From Skeptophilia – Skepticism and sarcasm. Six days a week.
It’s taken me over half a century to recognize that for the bullshit it is.
The way this is playing out today is usually couched in calls for “civility.” I hear well-meaning people — often people I agree with on many points — mourning the loss of civilized discourse in our society, implying that if we could just have a nice conversation with the bigots, the intolerant, the racists, the homophobes, that would fix everything.
The ultimate conclusion of this line of thought is the claim that we have to “treat all opinions with respect.” Which is not only wrong, it’s downright dangerous. I am under no obligation to treat the opinions of white supremacists with respect. My moral obligation, in fact, is to shout them down, make sure that they hear loud and clear that they cannot get away with denying someone’s rights, safety, or personhood.
The words “respect” and “civility,” in fact, have become dogwhistles. No matter how poisonous the claim, you can’t call it out as such, because that would be “disrespectful” or “uncivil.” It’s pulled the teeth from our capacity for confronting intolerance and prejudice unequivocally and forcefully, made us question ourselves when in fact we’re the ones on the moral high ground, we’re the ones who should be able to say, “No. This is wrong, and I will not let it go by unchallenged.”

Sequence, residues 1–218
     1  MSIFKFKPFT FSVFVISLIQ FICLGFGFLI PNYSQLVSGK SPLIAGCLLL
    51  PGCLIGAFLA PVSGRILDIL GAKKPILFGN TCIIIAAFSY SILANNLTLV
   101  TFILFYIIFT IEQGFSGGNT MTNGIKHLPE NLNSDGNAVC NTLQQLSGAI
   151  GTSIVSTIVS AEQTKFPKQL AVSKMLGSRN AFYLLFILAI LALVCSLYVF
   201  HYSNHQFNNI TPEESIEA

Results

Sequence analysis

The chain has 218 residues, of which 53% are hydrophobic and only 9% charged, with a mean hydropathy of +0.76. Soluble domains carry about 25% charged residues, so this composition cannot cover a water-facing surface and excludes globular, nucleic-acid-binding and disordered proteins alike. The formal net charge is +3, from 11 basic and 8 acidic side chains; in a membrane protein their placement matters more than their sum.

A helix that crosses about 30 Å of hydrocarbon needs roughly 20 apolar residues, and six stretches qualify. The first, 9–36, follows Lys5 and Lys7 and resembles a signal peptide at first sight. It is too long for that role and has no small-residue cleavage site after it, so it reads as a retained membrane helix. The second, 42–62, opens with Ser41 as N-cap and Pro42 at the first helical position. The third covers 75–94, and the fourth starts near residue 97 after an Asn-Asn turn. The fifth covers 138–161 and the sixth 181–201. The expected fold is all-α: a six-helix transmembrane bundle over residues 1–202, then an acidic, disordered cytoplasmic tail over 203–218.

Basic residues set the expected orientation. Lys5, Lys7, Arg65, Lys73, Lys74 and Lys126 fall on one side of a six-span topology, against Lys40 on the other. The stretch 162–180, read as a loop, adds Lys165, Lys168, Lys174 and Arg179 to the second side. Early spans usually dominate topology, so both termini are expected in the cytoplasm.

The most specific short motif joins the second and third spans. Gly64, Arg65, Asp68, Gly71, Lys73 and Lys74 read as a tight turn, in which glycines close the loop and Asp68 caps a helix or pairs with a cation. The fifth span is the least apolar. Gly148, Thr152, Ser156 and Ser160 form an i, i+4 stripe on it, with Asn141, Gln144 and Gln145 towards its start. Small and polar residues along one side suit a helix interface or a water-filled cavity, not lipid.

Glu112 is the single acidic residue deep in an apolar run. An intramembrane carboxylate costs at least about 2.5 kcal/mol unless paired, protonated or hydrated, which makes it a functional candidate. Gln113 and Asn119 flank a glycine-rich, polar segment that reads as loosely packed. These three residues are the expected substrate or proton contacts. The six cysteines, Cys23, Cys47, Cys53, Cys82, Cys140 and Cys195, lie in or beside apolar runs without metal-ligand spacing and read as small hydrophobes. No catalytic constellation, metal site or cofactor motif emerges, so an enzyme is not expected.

For example, what do you make of this?
I saw this posted on social media, along with a link about how the negative press it’s getting
is pushing the company that owns the sign — Burkett Outdoor Advertising — to take it down. But the three times I’ve seen it, it’s always been in a positive light. “Damn straight,” one person wrote. “You don’t like who’s running the country, get the fuck out of America.” Another said, “I wish we had one of these in Louisiana.”
So what you’re saying is that if I disagree with you politically, I have no right to live in the same state as you? Or, according to the first person, no right even to live in the United States? Forget civility. If that’s your opinion, go to hell. And if that response bothers you, causes you to unfriend or unfollow me, or whatever, good riddance.
Then there’s Mark Chambers, the mayor of Carbon Hill, Alabama, who posted on Facebook, “We live in a society where homosexuals lecture us on morals, transvestites lecture us on human biology, baby killers lecture us on human rights and socialists lecture us on economics!… The only way to change it would be to kill the problem out. I know it’s bad to say but with out [sic] killing them out there’s no way to fix it.”
When he began to get backlash, he deleted the post and then lied, denying he’d written it. (A tactic Donald Trump is finding out doesn’t work so well.) Then he said that, okay, he wrote it, but it didn’t mean what it explicitly and obviously meant. “Although I believe my comment was taken out of context and was not targeting the LGBTQ community,” he wrote, “I know that it was wrong to say anyone should be kill [sic].”
This mealy-mouthed non-apology is unacceptable. Here we have an elected official who has suggested a Final Solution for the “LGBTQ problem.” This should be loudly, forcefully, and repeatedly challenged — and Mark Chambers should resign. Now.